Are Expensive Hatcheries the Cheapest?

Suppose you bought 100 pullets from the lowest-price hatchery you could find, and 100 pullets from an expensive hatchery. What do you think the results would be?

I don’t know if anyone has tried this recently, but I found this very experiment in an old British poultry magazine. The results went like this: Read more...

Time to buy a truck?

I’m told that SUVs and trucks have lost a big fraction of their resale value because they get crummy gas mileage. So it’s a good time to buy.

Not me, though. I’ve had mine for years — a 1972 F100 pickup, that I bought ten years ago for $650. It has a 390 cubic inch V-8 and gets 10 MPG. Its low gas mileage has never been a problem, because we don’t use it for anything but hauling. And that’s the point. If you live in the country, you need a vehicle that can haul a lot of stuff — feed, hay, lumber, firewood — whatever. You can have an economy car, too (I do), but you need a hauler. Read more...

Scratch One Bobcat

I found a bobcat in one of my snares yesterday, which was Day Three of having snares out. It was a big male — 26 pounds. Most my chicken losses are consistent with how bobcats hunt (dawn or dusk, with a short chase, a quick kill, and the chicken carried away without being dragged), but I think I’m losing chickens faster than can be explained by a single bobcat, however big, so I’ll keep up my anti-predator efforts. Read more...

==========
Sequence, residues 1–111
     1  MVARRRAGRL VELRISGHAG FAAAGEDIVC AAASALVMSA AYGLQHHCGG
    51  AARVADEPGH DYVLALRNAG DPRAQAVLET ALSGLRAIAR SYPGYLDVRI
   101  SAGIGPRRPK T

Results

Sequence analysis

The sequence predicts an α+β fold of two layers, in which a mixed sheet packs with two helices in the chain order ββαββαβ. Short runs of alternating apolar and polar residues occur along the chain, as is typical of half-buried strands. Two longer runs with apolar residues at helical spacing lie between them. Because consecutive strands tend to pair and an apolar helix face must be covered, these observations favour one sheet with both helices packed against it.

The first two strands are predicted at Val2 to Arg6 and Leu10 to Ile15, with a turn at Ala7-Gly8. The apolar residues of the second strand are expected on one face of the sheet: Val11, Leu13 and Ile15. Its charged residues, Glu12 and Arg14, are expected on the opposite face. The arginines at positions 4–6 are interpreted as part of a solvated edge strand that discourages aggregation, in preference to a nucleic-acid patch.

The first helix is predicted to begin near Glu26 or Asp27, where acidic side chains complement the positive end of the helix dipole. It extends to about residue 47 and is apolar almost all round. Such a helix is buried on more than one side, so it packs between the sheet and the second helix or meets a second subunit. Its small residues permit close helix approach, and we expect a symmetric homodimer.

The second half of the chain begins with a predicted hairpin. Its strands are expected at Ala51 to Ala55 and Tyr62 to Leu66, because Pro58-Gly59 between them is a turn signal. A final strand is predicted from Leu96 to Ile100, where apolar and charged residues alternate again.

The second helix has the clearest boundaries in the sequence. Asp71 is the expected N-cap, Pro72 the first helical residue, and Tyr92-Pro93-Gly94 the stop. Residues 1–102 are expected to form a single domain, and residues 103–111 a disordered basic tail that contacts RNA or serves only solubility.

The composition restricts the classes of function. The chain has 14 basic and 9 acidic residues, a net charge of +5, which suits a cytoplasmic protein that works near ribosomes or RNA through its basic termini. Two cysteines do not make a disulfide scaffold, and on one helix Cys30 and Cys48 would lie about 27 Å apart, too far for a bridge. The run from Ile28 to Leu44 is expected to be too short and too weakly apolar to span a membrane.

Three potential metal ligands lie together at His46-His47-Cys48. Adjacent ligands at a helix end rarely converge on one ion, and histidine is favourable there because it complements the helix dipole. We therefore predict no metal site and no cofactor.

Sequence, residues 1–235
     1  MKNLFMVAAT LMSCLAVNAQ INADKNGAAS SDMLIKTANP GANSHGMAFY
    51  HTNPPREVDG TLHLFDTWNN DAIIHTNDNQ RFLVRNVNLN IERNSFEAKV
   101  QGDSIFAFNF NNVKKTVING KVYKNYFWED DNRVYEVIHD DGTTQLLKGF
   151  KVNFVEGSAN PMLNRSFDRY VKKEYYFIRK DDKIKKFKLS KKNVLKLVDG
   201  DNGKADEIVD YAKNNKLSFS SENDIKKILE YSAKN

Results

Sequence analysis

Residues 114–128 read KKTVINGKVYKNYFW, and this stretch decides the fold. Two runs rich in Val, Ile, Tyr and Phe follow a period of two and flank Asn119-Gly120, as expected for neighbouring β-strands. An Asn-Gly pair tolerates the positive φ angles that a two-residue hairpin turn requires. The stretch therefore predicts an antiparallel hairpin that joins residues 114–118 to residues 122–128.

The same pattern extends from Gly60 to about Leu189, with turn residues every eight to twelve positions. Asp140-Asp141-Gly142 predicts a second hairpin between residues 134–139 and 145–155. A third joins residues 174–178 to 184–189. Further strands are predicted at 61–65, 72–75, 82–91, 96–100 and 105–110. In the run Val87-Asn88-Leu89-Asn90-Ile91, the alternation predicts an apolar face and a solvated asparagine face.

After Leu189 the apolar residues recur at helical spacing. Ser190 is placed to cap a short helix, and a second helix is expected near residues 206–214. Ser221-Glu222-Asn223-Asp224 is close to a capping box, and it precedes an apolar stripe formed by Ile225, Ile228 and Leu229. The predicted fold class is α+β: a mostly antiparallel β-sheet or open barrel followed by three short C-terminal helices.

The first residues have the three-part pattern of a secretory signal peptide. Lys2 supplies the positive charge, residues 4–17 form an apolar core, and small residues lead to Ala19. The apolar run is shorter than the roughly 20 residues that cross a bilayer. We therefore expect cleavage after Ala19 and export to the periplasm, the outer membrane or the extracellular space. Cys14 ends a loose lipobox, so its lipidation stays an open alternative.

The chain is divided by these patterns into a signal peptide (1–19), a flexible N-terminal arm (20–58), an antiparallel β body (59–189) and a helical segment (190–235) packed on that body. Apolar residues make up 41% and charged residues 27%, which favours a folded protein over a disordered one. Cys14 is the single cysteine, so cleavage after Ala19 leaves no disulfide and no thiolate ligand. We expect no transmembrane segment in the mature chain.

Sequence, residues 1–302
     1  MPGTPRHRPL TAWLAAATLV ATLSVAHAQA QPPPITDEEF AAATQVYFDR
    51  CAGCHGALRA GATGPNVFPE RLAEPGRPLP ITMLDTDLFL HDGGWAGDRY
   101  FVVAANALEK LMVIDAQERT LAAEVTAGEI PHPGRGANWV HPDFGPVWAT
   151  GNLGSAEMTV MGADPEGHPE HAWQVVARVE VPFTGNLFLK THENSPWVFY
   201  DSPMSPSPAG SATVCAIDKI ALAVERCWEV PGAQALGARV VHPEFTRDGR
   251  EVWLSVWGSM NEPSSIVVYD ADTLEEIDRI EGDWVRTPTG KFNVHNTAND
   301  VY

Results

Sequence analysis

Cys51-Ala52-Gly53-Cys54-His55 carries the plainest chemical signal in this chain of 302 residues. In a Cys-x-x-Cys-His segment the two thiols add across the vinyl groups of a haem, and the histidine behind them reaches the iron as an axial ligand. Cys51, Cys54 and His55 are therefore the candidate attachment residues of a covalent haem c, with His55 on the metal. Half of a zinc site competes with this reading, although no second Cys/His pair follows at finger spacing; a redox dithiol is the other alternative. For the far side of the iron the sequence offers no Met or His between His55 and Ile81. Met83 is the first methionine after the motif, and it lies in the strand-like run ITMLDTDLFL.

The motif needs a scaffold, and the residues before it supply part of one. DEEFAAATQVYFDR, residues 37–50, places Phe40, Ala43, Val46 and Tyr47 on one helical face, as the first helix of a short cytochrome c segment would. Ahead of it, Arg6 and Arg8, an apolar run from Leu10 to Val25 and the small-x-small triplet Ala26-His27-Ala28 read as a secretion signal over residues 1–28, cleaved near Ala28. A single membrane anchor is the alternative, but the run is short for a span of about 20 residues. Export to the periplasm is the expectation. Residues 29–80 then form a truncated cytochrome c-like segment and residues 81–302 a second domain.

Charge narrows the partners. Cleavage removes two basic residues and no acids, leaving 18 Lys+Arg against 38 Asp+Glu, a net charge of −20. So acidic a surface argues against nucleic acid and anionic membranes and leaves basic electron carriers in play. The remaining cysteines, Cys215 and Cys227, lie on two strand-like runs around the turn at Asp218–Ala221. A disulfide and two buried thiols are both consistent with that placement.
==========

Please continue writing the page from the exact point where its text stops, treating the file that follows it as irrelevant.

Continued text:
Rural Trade-Offs

Living in the country requires trade-offs, and so does farming. Taking vacations in February instead of August, for example.

Sometimes the trade-offs seem like a good deal. Corvallis has an excellent fireworks display every Fourth of July, but we are so far north that the city waits until it’s fully dark at about 10:15 PM before starting the display. After it’s done, there’s a brief traffic jam and then (if you’re me) a half-hour drive home. Read more...

Why Chickens Should be Fed Outdoors

A lot of the biggest problems we’ve ever had on the farm were related to unwanted critters trying to get at the chicken feed. Recently, we put some pullets into a pasture house and put a feeder inside the house with them as part of the transition. Since this was an open-front house, the local crows started coming in for lunch, which scared the pullets. Moving the feeder outside didn’t get rid of the crows, but there’s a lot more room outdoors, and their occasional presence didn’t terrorize the pullets. Read more...